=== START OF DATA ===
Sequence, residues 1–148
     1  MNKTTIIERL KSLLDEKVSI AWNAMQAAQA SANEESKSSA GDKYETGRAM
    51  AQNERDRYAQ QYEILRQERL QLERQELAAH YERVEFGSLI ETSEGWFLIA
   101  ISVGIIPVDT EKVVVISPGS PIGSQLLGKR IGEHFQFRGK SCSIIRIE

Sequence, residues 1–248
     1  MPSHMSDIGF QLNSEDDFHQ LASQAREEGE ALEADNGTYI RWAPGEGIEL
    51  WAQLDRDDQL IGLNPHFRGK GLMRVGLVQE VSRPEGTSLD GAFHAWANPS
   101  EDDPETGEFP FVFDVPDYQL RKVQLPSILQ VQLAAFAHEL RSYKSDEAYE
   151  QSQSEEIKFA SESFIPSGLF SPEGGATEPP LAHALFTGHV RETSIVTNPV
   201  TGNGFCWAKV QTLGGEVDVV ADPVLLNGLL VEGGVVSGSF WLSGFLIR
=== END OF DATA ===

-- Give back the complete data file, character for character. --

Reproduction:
Sequence, residues 1–148
     1  MNKTTIIERL KSLLDEKVSI AWNAMQAAQA SANEESKSSA GDKYETGRAM
    51  AQNERDRYAQ QYEILRQERL QLERQELAAH YERVEFGSLI ETSEGWFLIA
   101  ISVGIIPVDT EKVVVISPGS PIGSQLLGKR IGEHFQFRGK SCSIIRIE

Sequence, residues 1–248
     1  MPSHMSDIGF QLNSEDDFHQ LASQAREEGE ALEADNGTYI RWAPGEGIEL
    51  WAQLDRDDQL IGLNPHFRGK GLMRVGLVQE VSRPEGTSLD GAFHAWANPS
   101  EDDPETGEFP FVFDVPDYQL RKVQLPSILQ VQLAAFAHEL RSYKSDEAYE
   151  QSQSEEIKFA SESFIPSGLF SPEGGATEPP LAHALFTGHV RETSIVTNPV
   201  TGNGFCWAKV QTLGGEVDVV ADPVLLNGLL VEGGVVSGSF WLSGFLIR